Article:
Adder architectures are a striking example illustrating the possibility for
trading off area versus delay in circuit design.
Collecting and comparing different solutions to a problem at the conceptual level gives a better understanding and more abstract view of
the underlying principles. On this basis, more reliable characterization
and performance comparison of existing solutions is possible and new
solutions can be found.

Universal structure representations, such as the parallel-prefix scheme


for binary addition, often provide a consistent description of efficient and
flexible circuit structures and allow their synthesis by simple algorithms.
Graph representations in particular are very effective to that respect.

Finally, the following outlook and topics for future work can be formulated:

A fast non-heuristic optimization and synthesis algorithm has been developed for prefix graphs.

)
)

195




The qualitative results presented in this thesis are expected to be valid


also in future deep-submicron VLSI technologies. While such technologies have a high impact on large circuits with long interconnects,
the rather small cell-based adder circuits treated here are qualitatively
affected only marginally by the expected technology parameter changes.
With the increasing number of metalization levels in modern process
technologies, cell-based designs almost become as layout-efficient as
custom designs. This, together with the productivity increase, will
make cell-based circuit design and synthesis more and more important
in the future.
The comparison between cell-based and custom adder implementations
in a modern submicron technology (e.g., 0:35m, four-metal) would be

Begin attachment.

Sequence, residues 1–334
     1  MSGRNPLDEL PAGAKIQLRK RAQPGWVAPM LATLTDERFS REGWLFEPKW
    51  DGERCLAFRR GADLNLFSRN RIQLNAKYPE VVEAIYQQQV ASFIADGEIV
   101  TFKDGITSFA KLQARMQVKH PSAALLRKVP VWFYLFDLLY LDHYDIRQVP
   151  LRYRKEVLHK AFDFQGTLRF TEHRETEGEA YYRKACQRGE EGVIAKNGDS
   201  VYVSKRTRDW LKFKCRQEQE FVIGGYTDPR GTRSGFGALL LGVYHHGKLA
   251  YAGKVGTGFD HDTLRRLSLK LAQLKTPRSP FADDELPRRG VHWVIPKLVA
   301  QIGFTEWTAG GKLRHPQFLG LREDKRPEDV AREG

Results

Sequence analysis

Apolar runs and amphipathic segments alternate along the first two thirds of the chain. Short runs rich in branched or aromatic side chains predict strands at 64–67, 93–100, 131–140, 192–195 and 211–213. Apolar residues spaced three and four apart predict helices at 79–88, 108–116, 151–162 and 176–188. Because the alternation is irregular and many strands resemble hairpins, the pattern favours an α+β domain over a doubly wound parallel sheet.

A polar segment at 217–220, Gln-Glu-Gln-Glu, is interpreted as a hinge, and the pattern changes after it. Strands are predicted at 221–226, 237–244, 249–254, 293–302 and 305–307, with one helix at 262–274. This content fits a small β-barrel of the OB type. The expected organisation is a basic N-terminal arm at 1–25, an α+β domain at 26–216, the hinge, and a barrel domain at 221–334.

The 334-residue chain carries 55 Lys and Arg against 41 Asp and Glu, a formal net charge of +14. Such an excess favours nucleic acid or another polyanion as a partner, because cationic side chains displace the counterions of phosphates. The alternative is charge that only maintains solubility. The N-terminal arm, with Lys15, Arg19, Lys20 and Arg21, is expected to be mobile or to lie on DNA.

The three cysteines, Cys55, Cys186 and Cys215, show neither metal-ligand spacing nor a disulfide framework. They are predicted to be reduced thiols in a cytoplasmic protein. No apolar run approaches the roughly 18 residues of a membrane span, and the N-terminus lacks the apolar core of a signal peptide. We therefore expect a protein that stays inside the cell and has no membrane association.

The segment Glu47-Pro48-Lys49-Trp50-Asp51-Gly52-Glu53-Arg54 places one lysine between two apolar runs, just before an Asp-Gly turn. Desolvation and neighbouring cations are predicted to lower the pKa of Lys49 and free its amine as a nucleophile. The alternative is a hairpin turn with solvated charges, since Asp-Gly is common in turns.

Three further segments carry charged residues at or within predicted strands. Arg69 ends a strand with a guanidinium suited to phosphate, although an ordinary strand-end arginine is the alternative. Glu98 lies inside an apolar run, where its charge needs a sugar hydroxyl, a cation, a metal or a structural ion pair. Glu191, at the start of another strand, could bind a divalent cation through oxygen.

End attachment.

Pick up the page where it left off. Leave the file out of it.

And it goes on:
a valuable extension of this thesis.
The desirable continuation of this work would be the integration of
the proposed adder synthesis algorithm into a commercial hardware
synthesis tool.

196

Conclusions

Bibliography
[AKY94] I. S. Abu-Khater and R. H. Yan. A 1-V low-power highperformance 32-bit conditional sum adder. In Proc. 1994 IEEE
Symp. Low Power Electron., pages 6667, San Diego, October
1994.
[BDM95] B. Becker, R. Drechsler, and P. Molitor. On the generation of
area-time optimal testable adders. IEEE Trans. Computer-Aided
Design, 14(9):10491066, September 1995.
[BK82] R. P. Brent and H. T. Kung. A regular layout for parallel adders.
IEEE Trans. Comput., 31(3):260264, March 1982.
[C+ 94] S. W. Cheng et al. The role of long and short paths in circuit performance optimization. IEEE Trans. Computer-Aided Design,
13(7):857864, July 1994.
[Cav84] J. J. F. Cavanagh. Digital Computer Arithmetic: Design and
Implementation. McGraw-Hill, 1984.
[CB95] A. P. Chandrakasan and R. W. Brodersen. Low Power Digital
CMOS Design. Kluwer, Norwell, MA, 1995.
[CJ93] T. K. Callaway and E. E. Swartzlander Jr. Estimating the power
consumption of CMOS adders. In Proc. 11th Computer Arithmetic Symp., pages 210219, Windsor, Ontario, June 1993.
[CK94] Z. Chen and I. Koren. A yield study of VLSI adders. In Int.
Workshop on Defect and Fault Tolerance in VLSI Systems, pages
239245, 1994.
[CL92] J. Cortadella and J. M. Llaberia. Evaluation of A + B = K
conditions without carry propagation. IEEE Trans. Comput.,
41(11):14841488, November 1992.
197

198

Bibliography

Bibliography

199

[CL94] M. Capula and L. Luiselli. Reproductive strategies in alpine


adders, vipera berus. Acta Oecologica, 15(2):207214, 1994.

[GHM87] A. Guyot, B. Hochet, and J. M. Muller. A way to build efficient


carry-skip adders. IEEE Trans. Comput., 36(10), October 1987.